Sidecar is launching a new app on iOS and taking it out of beta on Android today. It’s an ambitious attempt to rethink what CEO Rob Williams calls the most common and least innovative icon on a smartphone’s screen: the phone app. The basic premise is simple: when you’re on a call with another Sidecar user, you’ll have large buttons to instantly share video, pictures, contact information, or location information with the person on the other end.
Those features aren’t necessarily enough to bring in users — especially since they require people on both ends to install the app. To help ease the way, Sidecar is offering a carrot to potential users: free Wi-Fi calling to any number in the US and Canada. That’s the carrot, but the "stick," as it were, is that after your free call is finished, your recipient will receive a text message letting them know you just called via Sidecar and giving them a link to install the app themselves.
(Image courtesy of The Verge) - Screen shot of the Sidecar app
While Wi-Fi calling is free, if you attempt to call somebody from a cellular network you’ll be kicked over to standard minute usage — unless the person you’ve called is also a Sidecar user, in which case you’ll have a "free" call that uses your data bucket. In all cases, your incoming call shows up with your own phone number, a function no-doubt made easier by relatively lax caller ID verification within the traditional phone system. In theory, that means that you could really use Sidecar as a replacement for your standard phone dialer without too much hassle (if you don’t consider promotional text messages to your recipients a hassle, that is).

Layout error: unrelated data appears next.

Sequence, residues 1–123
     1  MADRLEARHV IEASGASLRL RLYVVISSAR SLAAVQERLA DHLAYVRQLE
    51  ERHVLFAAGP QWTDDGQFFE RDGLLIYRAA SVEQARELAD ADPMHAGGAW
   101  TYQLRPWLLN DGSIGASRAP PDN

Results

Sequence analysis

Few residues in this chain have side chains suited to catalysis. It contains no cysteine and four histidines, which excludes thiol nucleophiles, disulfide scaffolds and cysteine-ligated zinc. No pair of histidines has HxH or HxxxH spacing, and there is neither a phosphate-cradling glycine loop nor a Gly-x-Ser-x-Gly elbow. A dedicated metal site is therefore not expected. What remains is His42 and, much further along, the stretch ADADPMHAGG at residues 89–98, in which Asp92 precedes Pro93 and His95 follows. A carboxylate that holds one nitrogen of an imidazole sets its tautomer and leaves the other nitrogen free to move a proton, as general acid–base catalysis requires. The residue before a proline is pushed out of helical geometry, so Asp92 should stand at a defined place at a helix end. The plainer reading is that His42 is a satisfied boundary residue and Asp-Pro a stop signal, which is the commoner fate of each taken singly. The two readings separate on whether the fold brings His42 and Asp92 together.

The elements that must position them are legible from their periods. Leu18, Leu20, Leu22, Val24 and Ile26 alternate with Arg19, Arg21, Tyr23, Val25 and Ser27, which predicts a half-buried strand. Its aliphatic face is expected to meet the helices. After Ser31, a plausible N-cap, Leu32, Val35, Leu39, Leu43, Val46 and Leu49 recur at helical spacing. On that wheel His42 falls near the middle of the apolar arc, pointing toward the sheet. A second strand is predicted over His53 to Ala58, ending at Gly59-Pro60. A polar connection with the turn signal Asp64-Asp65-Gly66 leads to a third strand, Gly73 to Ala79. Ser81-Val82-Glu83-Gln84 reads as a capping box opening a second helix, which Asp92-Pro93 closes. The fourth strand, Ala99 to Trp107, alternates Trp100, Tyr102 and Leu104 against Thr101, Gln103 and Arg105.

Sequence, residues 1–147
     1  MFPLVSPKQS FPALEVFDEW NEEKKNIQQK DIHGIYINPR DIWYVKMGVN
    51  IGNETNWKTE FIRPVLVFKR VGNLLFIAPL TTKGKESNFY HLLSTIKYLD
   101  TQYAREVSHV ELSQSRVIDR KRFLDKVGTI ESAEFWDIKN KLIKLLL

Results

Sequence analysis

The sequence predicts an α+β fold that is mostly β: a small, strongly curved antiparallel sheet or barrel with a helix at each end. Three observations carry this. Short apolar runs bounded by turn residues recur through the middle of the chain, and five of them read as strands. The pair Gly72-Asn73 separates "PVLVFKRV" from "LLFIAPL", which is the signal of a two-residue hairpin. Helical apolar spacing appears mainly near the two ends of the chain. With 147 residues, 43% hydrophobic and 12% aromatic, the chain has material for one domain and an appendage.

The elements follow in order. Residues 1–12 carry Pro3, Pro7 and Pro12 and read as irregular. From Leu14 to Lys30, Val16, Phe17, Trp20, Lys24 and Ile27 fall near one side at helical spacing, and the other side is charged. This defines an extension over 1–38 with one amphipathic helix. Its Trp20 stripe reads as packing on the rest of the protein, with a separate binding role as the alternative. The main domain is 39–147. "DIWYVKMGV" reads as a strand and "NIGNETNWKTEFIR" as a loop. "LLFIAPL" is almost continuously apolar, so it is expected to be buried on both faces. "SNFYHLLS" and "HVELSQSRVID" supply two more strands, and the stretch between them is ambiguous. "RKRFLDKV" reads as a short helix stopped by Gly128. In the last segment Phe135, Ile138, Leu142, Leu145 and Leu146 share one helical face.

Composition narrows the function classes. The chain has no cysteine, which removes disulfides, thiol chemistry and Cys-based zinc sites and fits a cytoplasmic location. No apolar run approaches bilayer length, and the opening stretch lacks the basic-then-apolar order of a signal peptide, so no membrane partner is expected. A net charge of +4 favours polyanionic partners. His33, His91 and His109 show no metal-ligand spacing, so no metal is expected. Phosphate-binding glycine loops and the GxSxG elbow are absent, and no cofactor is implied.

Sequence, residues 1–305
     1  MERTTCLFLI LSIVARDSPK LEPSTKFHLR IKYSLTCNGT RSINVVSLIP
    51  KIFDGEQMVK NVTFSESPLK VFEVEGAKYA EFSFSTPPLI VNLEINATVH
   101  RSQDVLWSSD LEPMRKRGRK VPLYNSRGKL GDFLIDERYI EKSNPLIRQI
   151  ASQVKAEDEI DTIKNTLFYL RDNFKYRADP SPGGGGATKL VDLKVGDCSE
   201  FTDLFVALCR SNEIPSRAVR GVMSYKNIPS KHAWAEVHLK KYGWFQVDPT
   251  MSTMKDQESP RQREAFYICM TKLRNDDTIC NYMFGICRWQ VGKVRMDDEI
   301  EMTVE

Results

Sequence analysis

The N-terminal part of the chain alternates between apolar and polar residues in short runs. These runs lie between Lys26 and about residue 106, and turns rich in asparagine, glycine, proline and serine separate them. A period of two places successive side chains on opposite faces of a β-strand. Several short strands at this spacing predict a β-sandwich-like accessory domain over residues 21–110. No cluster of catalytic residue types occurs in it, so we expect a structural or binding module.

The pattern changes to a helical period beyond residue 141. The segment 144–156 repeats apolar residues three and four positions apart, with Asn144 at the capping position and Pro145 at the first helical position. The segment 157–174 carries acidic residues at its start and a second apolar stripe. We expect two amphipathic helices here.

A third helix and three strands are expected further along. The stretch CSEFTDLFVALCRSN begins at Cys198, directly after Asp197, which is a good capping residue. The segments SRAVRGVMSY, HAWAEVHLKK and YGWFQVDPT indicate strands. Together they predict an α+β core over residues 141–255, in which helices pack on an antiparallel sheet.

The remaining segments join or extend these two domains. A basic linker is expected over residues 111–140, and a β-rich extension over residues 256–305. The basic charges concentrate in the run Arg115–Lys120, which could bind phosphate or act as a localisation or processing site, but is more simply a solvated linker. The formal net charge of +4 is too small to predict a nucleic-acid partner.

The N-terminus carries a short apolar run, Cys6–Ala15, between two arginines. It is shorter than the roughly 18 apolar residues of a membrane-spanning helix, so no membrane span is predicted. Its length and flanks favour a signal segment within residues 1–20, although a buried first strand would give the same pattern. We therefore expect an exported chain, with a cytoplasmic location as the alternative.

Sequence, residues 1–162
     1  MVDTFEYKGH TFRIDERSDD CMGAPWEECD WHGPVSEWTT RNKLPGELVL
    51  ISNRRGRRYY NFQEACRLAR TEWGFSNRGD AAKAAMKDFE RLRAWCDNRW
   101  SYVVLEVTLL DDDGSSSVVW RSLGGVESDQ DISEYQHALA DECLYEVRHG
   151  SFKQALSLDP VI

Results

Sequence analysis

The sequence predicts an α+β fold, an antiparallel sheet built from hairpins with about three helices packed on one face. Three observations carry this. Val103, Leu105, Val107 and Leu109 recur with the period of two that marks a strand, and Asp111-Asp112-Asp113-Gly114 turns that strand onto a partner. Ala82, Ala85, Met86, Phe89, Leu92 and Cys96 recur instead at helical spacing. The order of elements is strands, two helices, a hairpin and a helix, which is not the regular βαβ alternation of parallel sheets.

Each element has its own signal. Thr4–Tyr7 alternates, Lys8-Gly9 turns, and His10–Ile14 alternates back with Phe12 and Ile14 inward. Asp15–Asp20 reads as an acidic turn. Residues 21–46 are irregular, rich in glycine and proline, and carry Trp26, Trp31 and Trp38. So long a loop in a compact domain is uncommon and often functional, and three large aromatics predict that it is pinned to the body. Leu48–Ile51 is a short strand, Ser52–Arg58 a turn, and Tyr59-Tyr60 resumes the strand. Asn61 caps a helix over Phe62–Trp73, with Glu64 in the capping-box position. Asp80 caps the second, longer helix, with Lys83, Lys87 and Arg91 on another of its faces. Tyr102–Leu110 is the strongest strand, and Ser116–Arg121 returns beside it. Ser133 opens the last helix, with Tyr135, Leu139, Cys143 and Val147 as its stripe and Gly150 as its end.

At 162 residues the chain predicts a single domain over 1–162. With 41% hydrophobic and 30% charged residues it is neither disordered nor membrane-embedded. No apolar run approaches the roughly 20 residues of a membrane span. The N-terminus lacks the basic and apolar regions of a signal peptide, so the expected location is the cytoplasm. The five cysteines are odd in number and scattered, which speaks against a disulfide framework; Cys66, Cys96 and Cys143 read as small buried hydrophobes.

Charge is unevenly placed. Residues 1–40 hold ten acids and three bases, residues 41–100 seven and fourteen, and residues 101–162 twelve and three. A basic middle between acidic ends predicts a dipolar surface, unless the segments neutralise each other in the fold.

If Sidecar is going to replace the dialer, it had better work well. We took a look at the app with founder Rob Williams, who tells us that the company did extensive testing to determine what kind of content people wanted to share before releasing the app. While "geeky" things like sharing documents was tested, the core options seem understandable on both iPhone and Android and, we’re betting, helped out by robust APIs on both platforms for data access.
Sharing video is simple, but unfortunately it's only one-way. Just tap a button during the call, wait for your recipient to accept, and you're streaming video over 3G or Wi-Fi. Williams tells us that the decision to limit calling to one-way is due in part to the company’s desire to focus on the "call-and-share" category rather than positioning the app as "yet another FaceTime or Skype competitor." Be that as it may, it’s a glaring omission in what is otherwise a clever video calling experience. In addition to the video, you can open up a "whisper" channel that sends text messages back and forth — we suppose so you can trash talk whomever it is you’re videoing.
In addition to video, you can share photos from your gallery or taken directly, any contacts from your address book, or locations. The location sharing in particular is well-done: you can share your current location or any other location on the map. Once you’ve shared any of these static pieces of media, they’re saved in Sidecar’s calling history for later reference.